79 Ceti

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79 Ceti
Observation data
Epoch J2000.0      Equinox J2000.0
Constellation Cetus
Right ascension  02h 35m 19.9293s[1]
Declination −03° 33′ 38.1707″[1]
Apparent magnitude (V) +6.83[2]
Characteristics
Spectral type G2V[3] or G8IV[4]
B−V color index 0.670±0.004[2]
Variable type none
Astrometry
Radial velocity (Rv)−50.93±0.09[2] km/s
Proper motion (μ) RA: −155.58[1] mas/yr
Dec.: −437.99[1] mas/yr
Parallax (π)26.4360 ± 0.0580[1] mas
Distance123.4 ± 0.3 ly
(37.83 ± 0.08 pc)
Absolute magnitude (MV)+3.88[2]
Details[5]
Mass1.057 M
Radius1.48[6] R
Luminosity1.99±0.04 L
Surface gravity (log g)4.19±0.02 cgs
Temperature5,806±17 K
Metallicity [Fe/H]+0.16±0.01[5] dex
Age6.0[7] or 9.4±0.8[2] Gyr
Other designations
79 Cet, BD−04°426, FK5 4237, GJ 9085, HD 16141, HIP 12048, SAO 129992, WDS J02353-0334A[8]
Database references
SIMBADdata

79 Ceti, also known as HD 16141, is a star located 123[1] light-years from the Sun in the southern constellation of Cetus. It has an apparent visual magnitude of +6.83,[2] which puts it below the normal limit for visibility with the average naked eye. The star is drifting closer to the Earth with a heliocentric radial velocity of −51 km/s.[2]

Harlan (1974) assigned this star a stellar classification of G2V,[3] matching an ordinary G-type main-sequence star that is undergoing core hydrogen fusion. However, Houk and Swift (1999) found a class of G8IV,[4] which suggests it has exhausted the supply of hydrogen at its core and begun to evolve off the main sequence. Eventually the outer layers of the star will expand and cool and the star will become a red giant. Estimates of the star's age range from 6.0[7] to 9.4 billion years old. It has an estimated 1.06 times the mass of the Sun and 1.48[6] times the Sun's radius. The star is radiating twice[5] luminosity of the Sun from its photosphere at an effective temperature of 5,806 K.[5]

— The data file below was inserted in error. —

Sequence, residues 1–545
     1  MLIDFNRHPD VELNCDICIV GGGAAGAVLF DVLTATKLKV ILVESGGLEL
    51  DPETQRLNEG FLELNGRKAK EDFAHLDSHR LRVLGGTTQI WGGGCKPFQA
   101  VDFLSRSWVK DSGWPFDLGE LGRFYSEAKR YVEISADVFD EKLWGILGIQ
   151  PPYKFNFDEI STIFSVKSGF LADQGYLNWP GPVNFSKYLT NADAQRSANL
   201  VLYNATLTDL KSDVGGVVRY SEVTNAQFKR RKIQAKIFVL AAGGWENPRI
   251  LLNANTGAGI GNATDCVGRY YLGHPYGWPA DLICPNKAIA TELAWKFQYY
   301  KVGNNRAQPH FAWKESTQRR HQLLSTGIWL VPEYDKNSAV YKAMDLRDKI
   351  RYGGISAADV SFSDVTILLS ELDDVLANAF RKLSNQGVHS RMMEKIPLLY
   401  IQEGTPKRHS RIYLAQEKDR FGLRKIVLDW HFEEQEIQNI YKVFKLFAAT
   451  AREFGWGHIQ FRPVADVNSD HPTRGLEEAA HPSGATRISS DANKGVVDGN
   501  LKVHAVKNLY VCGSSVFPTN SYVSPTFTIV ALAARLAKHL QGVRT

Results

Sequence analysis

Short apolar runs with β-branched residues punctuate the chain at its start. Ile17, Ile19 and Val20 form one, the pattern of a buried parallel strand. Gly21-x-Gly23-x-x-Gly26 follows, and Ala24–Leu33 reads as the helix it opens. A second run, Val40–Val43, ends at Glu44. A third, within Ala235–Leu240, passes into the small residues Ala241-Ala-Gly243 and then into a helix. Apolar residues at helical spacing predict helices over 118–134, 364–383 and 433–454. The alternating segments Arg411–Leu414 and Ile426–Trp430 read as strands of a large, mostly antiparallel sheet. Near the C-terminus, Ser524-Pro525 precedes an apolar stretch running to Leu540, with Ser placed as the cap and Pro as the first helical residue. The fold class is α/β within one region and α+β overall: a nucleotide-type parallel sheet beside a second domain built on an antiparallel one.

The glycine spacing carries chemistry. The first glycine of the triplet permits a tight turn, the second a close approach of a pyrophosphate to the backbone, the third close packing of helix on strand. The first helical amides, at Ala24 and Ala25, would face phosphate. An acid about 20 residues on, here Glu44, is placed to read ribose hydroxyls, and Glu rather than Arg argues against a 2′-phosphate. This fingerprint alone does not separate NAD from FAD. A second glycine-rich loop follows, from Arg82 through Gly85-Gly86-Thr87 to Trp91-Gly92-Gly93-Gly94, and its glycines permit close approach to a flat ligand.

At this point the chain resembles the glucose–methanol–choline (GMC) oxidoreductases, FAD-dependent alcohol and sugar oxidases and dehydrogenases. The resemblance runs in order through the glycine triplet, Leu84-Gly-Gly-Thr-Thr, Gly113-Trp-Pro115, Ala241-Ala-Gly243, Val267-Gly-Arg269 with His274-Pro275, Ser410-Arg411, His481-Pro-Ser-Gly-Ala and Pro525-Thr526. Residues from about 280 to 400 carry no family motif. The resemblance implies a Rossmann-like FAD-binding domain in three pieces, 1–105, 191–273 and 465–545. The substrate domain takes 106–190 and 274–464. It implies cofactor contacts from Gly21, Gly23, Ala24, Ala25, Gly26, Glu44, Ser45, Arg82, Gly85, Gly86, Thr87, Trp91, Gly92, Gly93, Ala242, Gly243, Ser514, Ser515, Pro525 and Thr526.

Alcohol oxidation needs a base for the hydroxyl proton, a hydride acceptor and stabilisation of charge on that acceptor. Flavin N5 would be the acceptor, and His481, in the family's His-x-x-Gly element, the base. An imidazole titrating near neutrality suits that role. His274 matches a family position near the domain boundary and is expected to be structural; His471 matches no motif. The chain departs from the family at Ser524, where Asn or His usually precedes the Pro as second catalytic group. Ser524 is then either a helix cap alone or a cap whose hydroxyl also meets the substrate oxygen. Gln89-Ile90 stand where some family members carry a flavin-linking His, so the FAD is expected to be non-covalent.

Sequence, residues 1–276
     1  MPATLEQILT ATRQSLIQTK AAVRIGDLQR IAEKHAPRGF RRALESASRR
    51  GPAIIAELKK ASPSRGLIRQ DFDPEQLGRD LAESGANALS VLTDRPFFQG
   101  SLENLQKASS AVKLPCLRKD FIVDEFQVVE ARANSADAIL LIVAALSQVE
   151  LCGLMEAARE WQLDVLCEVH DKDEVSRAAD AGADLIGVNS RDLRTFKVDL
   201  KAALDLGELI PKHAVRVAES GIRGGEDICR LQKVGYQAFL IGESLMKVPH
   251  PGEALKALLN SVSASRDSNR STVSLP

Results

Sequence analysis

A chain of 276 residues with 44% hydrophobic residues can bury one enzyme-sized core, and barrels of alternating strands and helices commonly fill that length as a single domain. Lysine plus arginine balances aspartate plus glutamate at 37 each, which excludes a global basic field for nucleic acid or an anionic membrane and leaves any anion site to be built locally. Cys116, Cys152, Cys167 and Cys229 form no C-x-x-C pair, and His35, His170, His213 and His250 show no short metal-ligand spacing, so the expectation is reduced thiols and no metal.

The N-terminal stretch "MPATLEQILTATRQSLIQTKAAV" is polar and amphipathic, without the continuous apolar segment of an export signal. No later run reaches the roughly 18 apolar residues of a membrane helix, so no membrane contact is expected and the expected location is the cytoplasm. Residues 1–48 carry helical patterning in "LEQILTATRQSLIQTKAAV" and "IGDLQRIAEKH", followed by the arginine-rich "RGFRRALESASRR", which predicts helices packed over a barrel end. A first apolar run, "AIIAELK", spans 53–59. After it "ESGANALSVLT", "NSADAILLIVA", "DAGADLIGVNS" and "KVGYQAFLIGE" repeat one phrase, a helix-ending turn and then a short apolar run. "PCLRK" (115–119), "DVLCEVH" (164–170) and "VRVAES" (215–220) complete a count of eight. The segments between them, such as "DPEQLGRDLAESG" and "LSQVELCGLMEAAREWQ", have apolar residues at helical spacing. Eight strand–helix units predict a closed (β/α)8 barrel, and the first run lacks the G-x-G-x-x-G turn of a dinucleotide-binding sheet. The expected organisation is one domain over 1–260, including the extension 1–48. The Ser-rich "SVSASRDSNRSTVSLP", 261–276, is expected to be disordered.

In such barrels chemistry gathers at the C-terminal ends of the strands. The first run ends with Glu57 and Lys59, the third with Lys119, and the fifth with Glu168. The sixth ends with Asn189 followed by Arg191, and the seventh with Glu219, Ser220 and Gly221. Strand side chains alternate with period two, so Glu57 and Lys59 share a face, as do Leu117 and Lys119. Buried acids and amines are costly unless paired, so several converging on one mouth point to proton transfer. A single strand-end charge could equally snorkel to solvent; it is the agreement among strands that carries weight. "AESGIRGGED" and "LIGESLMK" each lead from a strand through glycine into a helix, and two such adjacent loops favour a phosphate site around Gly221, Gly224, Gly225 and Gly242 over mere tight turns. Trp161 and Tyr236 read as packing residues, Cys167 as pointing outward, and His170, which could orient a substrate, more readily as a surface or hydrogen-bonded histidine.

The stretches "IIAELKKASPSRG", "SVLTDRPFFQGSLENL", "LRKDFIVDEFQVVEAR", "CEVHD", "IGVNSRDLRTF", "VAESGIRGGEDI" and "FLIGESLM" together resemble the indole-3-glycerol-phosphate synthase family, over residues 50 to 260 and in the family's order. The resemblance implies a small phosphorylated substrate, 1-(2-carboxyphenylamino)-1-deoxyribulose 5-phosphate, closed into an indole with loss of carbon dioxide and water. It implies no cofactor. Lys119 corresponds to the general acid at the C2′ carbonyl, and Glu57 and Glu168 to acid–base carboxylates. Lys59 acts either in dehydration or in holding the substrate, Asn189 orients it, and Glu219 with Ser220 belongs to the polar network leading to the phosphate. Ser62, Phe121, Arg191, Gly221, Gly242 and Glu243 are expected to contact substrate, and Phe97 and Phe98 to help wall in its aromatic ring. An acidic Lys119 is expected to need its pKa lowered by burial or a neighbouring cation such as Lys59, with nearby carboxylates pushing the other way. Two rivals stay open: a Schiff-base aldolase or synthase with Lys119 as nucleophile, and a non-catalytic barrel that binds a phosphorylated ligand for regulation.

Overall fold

Planetary system[edit]

On March 29, 2000, a planet orbiting this star was announced, it was discovered using the radial velocity method.[9] This object has a minimum 0.26 times the mass of Jupiter and is orbiting its host star every 75.5 days.[10]

The 79 Ceti planetary system[11]
Companion
(in order from star)
Mass Semimajor axis
(AU)
Orbital period
(days)
Eccentricity Inclination Radius
b ≥0.260 ± 0.028 MJ 0.363 ± 0.021 75.523 ± 0.055 0.252 ± 0.052

See also[edit]

References[edit]

  1. ^ a b c d e f Brown, A. G. A.; et al. (Gaia collaboration) (August 2018). "Gaia Data Release 2: Summary of the contents and survey properties". Astronomy & Astrophysics. 616. A1. arXiv:1804.09365. Bibcode:2018A&A...616A...1G. doi:10.1051/0004-6361/201833051. Gaia DR2 record for this source at VizieR.
  2. ^ a b c d e f g Anderson, E.; Francis, Ch. (2012). "XHIP: An extended hipparcos compilation". Astronomy Letters. 38 (5): 331. arXiv:1108.4971. Bibcode:2012AstL...38..331A. doi:10.1134/S1063773712050015.
  3. ^ a b Harlan, E. A. (June 1974). "MK classification for F- and G-type stars. III". Astronomical Journal. 79: 682–686. Bibcode:1974AJ.....79..682H. doi:10.1086/111597.
  4. ^ a b Houk, N.; Swift, C. (1999). "Michigan catalogue of two-dimensional spectral types for the HD Stars". Michigan Spectral Survey. 5. Bibcode:1999MSS...C05....0H.
  5. ^ a b c d S. G., Sousa; et al. (August 2008). "Spectroscopic parameters for 451 stars in the HARPS GTO planet search program. Stellar [Fe/H] and the frequency of exo-Neptunes". Astronomy and Astrophysics. 487 (1): 373–381. arXiv:0805.4826. Bibcode:2008A&A...487..373S. doi:10.1051/0004-6361:200809698.
  6. ^ a b Stassun, Keivan G.; et al. (March 2017). "Accurate Empirical Radii and Masses of Planets and Their Host Stars with Gaia Parallaxes". The Astronomical Journal. 153 (3): 20. arXiv:1609.04389. Bibcode:2017AJ....153..136S. doi:10.3847/1538-3881/aa5df3. 136.
  7. ^ a b Sousa, S. G.; et al. (March 2010). "Higher depletion of lithium in planet host stars: no age and mass effect". Astronomy and Astrophysics. 512: L5. arXiv:1003.0405. Bibcode:2010A&A...512L...5S. doi:10.1051/0004-6361/201014125.
  8. ^ "79 Cet". SIMBAD. Centre de données astronomiques de Strasbourg. Retrieved 19 August 2017.
  9. ^ "Keck astronomers discover planets smaller than saturn" (Press release). Kamuela, Hawaii: W. M. Keck Observatory. March 29, 2000. Retrieved August 13, 2019.
  10. ^ Marcy, Geoffrey W.; et al. (2000). "Sub-Saturn Planetary Candidates of HD 16141 and HD 46375". The Astrophysical Journal Letters. 536 (1): L43–L46. arXiv:astro-ph/0004326. Bibcode:2000ApJ...536L..43M. doi:10.1086/312723.
  11. ^ Butler, J. T.; et al. (2006). "Catalog of Nearby Exoplanets". The Astrophysical Journal. 646 (1): 505–522. arXiv:astro-ph/0607493. Bibcode:2006ApJ...646..505B. doi:10.1086/504701.

External links[edit]

Coordinates: Sky map 02h 35m 19.9283s, −03° 33′ 38.167″